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III.  The Scriptural Testimony

Having considered the practical effects based upon his observation, Newton looked to the Scripture example:

But, not to insist on this, nor to rest the cause on the authority or examples of men, the best of whom are imperfect and fallible, let us consult the Scriptures, which, as they furnish us with the whole subject-matter of our ministry, so they afford us perfect precepts and patterns for its due and orderly dispensation.

John Newton, Richard Cecil, The Works of the John Newton, vol. 1 (London: Hamilton, Adams & Co., 1824), 175.

A.  Jesus

Jesus is unquestionably the greatest example of how to properly present the “Gospel”.

  1.  Jesus did not “tickle ears”

The Lord Jesus was the great preacher of free grace, “who spake as never man spake;” and his ministry, while it provided relief for the weary and heavy laden, was eminently designed to stain the pride of all human glory. He knew what was in man, and declared, that “none could come unto him, unless drawn and taught of God;” John 6:44–46.


2.  Yet Jesus did call to repentance.

Newton gives three examples of Jesus preaching which some might consider “legalistic” as opposed to “grace”:

John 6:27 (ESV)27 Do not work for the food that perishes, but for the food that endures to eternal life, which the Son of Man will give to you. For on him God the Father has set his seal.”

John 12:35 (ESV)35 So Jesus said to them, “The light is among you for a little while longer. Walk while you have the light, lest darkness overtake you. The one who walks in the darkness does not know where he is going.”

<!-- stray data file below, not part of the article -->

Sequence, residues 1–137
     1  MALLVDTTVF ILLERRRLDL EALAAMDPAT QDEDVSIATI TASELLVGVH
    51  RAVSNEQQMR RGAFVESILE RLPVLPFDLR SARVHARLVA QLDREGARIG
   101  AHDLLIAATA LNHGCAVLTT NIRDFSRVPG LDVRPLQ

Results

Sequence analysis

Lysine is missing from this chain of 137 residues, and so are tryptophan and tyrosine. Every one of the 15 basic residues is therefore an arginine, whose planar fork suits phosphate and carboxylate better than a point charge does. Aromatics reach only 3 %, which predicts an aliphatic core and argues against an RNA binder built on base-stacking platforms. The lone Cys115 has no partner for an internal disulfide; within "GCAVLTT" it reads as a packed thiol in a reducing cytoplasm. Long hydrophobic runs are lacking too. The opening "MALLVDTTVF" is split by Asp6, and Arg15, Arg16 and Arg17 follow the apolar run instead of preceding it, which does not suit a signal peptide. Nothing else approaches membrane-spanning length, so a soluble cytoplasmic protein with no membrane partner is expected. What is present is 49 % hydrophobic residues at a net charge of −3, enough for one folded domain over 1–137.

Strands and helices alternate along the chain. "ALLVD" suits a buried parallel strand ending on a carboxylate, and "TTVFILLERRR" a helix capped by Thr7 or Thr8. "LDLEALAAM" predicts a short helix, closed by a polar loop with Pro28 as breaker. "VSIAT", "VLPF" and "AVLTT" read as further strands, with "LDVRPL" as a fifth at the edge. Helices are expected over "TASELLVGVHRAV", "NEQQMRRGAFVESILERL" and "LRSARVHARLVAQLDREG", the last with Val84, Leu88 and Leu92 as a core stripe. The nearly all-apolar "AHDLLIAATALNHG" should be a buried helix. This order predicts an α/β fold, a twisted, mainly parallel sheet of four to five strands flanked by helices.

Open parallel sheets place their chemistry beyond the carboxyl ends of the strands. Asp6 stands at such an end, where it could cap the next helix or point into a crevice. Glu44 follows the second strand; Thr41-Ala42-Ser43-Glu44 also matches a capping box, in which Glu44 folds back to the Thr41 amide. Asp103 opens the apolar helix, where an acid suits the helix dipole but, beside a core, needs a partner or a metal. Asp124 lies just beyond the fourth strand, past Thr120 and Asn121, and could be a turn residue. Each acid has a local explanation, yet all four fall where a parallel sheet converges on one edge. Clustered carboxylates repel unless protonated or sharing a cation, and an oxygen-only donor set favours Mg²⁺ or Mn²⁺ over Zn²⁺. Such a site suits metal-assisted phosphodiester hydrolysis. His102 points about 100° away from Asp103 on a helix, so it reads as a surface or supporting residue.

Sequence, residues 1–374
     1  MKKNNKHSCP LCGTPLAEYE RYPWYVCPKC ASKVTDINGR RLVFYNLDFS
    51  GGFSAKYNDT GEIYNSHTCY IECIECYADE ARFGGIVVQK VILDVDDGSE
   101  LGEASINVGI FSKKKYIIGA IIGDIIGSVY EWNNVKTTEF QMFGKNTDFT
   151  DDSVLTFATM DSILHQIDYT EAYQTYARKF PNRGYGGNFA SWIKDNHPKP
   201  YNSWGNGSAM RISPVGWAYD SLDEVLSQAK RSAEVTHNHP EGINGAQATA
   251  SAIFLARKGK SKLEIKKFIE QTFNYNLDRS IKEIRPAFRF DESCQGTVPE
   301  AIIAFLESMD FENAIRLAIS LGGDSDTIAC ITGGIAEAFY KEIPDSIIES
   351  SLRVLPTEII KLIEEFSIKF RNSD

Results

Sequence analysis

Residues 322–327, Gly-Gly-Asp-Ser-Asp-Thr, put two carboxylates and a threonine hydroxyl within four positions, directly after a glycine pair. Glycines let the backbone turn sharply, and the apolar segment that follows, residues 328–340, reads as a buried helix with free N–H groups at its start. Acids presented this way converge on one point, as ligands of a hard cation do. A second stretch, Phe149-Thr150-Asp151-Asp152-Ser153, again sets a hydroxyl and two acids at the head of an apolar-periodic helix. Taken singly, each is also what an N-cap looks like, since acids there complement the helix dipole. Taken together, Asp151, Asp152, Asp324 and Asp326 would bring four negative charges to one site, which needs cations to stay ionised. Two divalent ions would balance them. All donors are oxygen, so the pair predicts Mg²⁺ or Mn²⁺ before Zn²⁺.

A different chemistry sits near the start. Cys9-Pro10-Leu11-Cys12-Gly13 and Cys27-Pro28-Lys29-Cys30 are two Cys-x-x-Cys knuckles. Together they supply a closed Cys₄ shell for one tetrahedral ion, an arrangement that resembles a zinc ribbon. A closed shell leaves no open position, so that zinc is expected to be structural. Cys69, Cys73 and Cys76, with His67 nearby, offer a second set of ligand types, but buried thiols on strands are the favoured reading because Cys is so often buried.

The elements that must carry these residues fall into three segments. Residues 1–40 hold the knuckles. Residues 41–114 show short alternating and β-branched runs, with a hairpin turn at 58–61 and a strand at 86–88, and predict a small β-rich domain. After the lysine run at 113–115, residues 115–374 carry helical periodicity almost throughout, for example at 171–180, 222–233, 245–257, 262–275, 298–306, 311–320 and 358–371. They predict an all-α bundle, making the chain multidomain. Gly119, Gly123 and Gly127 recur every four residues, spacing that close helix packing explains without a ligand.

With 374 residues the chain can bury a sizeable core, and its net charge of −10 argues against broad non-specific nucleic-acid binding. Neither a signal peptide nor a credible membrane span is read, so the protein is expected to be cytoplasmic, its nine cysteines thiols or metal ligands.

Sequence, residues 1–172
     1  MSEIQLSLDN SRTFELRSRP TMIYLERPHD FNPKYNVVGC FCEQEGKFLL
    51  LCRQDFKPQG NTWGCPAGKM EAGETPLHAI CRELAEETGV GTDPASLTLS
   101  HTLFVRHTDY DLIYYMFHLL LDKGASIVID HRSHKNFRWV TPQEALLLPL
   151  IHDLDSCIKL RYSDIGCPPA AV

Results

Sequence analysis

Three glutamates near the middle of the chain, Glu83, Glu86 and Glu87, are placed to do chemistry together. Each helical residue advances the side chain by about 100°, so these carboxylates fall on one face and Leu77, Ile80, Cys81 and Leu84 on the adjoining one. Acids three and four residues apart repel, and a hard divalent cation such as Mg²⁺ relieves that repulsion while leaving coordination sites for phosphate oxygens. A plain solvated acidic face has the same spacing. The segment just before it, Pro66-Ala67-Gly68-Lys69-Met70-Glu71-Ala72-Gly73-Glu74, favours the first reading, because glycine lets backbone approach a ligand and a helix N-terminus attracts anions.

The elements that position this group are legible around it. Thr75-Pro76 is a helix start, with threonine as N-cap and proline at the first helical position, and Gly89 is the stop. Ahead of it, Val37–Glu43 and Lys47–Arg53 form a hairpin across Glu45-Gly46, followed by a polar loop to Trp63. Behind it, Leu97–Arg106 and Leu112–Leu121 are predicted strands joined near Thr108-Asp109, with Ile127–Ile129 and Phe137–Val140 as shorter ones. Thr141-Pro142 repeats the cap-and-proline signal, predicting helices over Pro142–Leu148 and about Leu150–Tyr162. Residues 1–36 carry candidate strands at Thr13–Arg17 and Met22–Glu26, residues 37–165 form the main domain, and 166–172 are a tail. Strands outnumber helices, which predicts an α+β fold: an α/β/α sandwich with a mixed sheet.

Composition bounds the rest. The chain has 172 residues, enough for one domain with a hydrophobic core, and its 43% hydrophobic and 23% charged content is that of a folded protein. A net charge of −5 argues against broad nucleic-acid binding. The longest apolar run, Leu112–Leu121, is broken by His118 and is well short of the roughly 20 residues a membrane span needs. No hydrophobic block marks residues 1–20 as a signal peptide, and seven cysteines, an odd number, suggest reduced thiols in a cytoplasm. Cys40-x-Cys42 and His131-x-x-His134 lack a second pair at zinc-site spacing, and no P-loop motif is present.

Luke 13:24–27 (ESV)24 “Strive to enter through the narrow door. For many, I tell you, will seek to enter and will not be able. 25 When once the master of the house has risen and shut the door, and you begin to stand outside and to knock at the door, saying, ‘Lord, open to us,’ then he will answer you, ‘I do not know where you come from.’ 26 Then you will begin to say, ‘We ate and drank in your presence, and you taught in our streets.’ 27 But he will say, ‘I tell you, I do not know where you come from. Depart from me, all you workers of evil!’

These passages show Jesus commanding people indiscriminately to obey the call of God. To these passages, one could easily append others:

Mark 1:14–15 (ESV)14 Now after John was arrested, Jesus came into Galilee, proclaiming the gospel of God, 15 and saying, “The time is fulfilled, and the kingdom of God is at hand; repent and believe in the gospel.”

This example is especially appropriate, because it calls all to repent in the direct context of proclaiming the “gospel”.

B.  The example of the Apostles

1.No one can fairly accuse the Apostles of having a Pelagian view of human ability

Consider their letters. For example, Paul writes:

Romans 9:16 (ESV) 16 So then it depends not on human will or exertion, but on God, who has mercy.

John writes:

John 1:12–13 (ESV)12 But to all who did receive him, who believed in his name, he gave the right to become children of God, 13 who were born, not of blood nor of the will of the flesh nor of the will of man, but of God.

2.  The Apostles repeatedly called for repentance

There are numerous examples in Acts of an Apostle preaching repentance:

Acts 3:19 (ESV) 19 Repent therefore, and turn back, that your sins may be blotted out,

Newton relies primarily upon the case of Simon Magus. This is a particularly strong example, because Simon Magus was unquestionably an unbeliever at the time Peter calls him to repentance:

Peter’s advice to Simon Magus is very full and express to this point; for though he perceived him to be “in the very gall of bitterness, and in the bond of iniquity,” he exhorted him “to repent, and to pray, if perhaps the thought of his heart might be forgiven.” It may be presumed, that we cannot have stronger evidence that any of our hearers are in a carnal and unconverted state, than Peter had in the case of Simon Magus; and therefore there seems no sufficient reason why we should hesitate to follow the Apostle’s example.

Id at p. 176.